A video of four white guys arguing about Islam went viral this month. On HBO’s Real Time with Bill Maher, “liberal” atheists Bill Maher and Sam Harris got a bit upset when Ben Affleck (rightly) called them out for being racist and Islamophobic. Islamophobia, Maher answered, is “not a real thing when we do it.” Harris called Islam “the mother lode of bad ideas,” to which Maher’s “liberal” studio audience applauded. They argued that the minority of extremist Muslims who want jihad is a larger contingency than we think, that most of the world’s 1.5 billion Muslims aren’t moderates.
The corporate media loved this brouhaha. Maher became Fox’s new favorite racist. CNN ran a segment, “Does Islam Promote Violence?” in which they asked Reza Aslan, professor at University of California, Riverside, and religious scholar, for his response. Aslan simply pointed out that, in fact, not all Muslims or even a majority hold extremist views. Yes, stoning happens in Pakistan, and women can’t drive in Saudi Arabia. But those are not Muslim problems. They are Pakistani and Saudi problems respectively. Using these examples to justify generalizations of all Muslims is bigotry.
Maher tried to defend himself by arguing that Islam is not a race. The Intercept’s Murtaza Hussain had the perfect response:
Strictly speaking of course this is true. Islam is certainly not a “race”, at least not in the way in which the term is popularly understood in America. But because many people buy into the myth that theocratic governments or even groups like Al Qaeda and ISIS speak for all Muslims, Muslims have become — undeniably — a racialized group after 9/11.
Moreover, in a number of instances, Sikhs have been the victims of violent anti-Islam hate crimes.
Some writers like Ali A. Rivzi have blamed moderate Muslims for letting this generalization spread. It’s not their fault. It is not their responsibility to defend their religion after a few self-identifying members of the same religion commit murder in the name of their religion. It’s not like they would have the opportunity, anyway. How often do you get to hear everyday Muslim voices in the mainstream media? Almost never. The only way Islam can be portrayed is by radical groups like ISIS because it makes for “better” TV. It’s easy to condemn ISIS for its actions, but it takes a bit more effort to understand that ISIS doesn’t represent the views of the majority of Muslims worldwide. No one thinks that the Westboro Baptist Church represents all Christians because most people who see those bigots are Christians themselves or at least have a general understanding of Christianity. This is not the case for the majority of Americans watching mainstream corporate media coverage of ISIS.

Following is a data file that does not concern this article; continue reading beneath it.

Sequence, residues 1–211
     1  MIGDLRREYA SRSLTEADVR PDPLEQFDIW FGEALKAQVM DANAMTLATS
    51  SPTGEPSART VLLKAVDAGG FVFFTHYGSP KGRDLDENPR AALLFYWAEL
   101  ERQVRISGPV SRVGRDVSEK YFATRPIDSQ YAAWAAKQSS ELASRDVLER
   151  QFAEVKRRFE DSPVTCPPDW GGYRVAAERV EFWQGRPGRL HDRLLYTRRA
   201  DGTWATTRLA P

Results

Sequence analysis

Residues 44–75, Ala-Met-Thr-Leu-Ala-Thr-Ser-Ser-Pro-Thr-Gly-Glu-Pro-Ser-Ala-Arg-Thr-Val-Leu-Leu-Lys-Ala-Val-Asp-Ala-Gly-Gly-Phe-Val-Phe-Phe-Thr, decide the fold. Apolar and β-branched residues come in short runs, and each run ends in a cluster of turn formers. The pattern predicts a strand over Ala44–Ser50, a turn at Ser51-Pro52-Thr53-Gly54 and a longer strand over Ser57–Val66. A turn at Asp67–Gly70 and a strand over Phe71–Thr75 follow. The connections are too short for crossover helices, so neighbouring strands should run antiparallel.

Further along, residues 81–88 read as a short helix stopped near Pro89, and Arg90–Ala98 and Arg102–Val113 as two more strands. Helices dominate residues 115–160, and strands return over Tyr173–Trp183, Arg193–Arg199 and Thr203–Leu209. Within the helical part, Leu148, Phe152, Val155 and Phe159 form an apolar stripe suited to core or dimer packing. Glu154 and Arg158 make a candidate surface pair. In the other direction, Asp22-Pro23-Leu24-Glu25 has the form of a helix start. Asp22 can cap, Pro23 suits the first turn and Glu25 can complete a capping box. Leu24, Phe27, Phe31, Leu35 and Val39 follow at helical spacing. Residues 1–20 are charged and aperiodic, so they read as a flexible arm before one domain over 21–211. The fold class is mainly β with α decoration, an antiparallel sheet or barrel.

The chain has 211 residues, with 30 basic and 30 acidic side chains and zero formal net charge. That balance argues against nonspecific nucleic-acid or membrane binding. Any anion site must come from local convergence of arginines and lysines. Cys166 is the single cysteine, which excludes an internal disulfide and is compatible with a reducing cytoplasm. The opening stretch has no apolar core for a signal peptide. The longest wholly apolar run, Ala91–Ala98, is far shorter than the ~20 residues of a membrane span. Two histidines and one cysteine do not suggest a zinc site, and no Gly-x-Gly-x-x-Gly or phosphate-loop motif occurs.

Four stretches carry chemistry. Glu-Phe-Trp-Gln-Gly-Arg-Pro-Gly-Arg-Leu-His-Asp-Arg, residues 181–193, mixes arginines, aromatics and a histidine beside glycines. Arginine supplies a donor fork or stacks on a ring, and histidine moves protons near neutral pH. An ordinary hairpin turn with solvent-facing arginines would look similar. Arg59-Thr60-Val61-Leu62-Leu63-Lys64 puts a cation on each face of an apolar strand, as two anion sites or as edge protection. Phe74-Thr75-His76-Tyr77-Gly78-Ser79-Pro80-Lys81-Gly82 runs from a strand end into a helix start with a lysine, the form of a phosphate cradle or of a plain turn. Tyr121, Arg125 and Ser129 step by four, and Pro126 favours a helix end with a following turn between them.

One dangerous result of these misrepresentations is broader support for U.S. military intervention against ISIS. There is indeed a certain element of ISIS that wants to establish the caliphate and impose a strict interpretation of sharia law. But much of ISIS is made up of former Saddam-era military officials fired by the United States during its occupation who simply want an end to economic inequality and sectarian oppression in their region. Painting ISIS as one monolithic organization is like painting all of Islam as one monolithic religion.
As Iraqi journalist Ghaith Abdul-Ahad, who embedded with Shia militias fighting ISIS, pointed out on Democracy Now!, fighting ISIS as such is bound to fail. Not understanding the intricacies and nuances of ISIS leads to a broad generalization of the group. “The war that ISIS is waging on the Iraqi government is a coalition of many different tiny, little wars,” in which regular citizens of Iraq are expressing their grievances with their government. “ISIS have managed to include them all under a single one umbrella,” Ghaith said.
When American viewers see CNN’s segment about Islam, they get scared. That’s what the mainstream media is great at doing: fear mongering. If people think that Islam inherently promotes violence, of course they’re going to support the bombing of ISIS militants in Iraq and Syria. And since, according to Bill Maher, the Muslim world has “too much in common with ISIS,” it’s quite all right if Muslim civilians die from our bombs because they’re all the same over there, anyway. Maher and his atheist friends fail to see the bigotry in their own logic.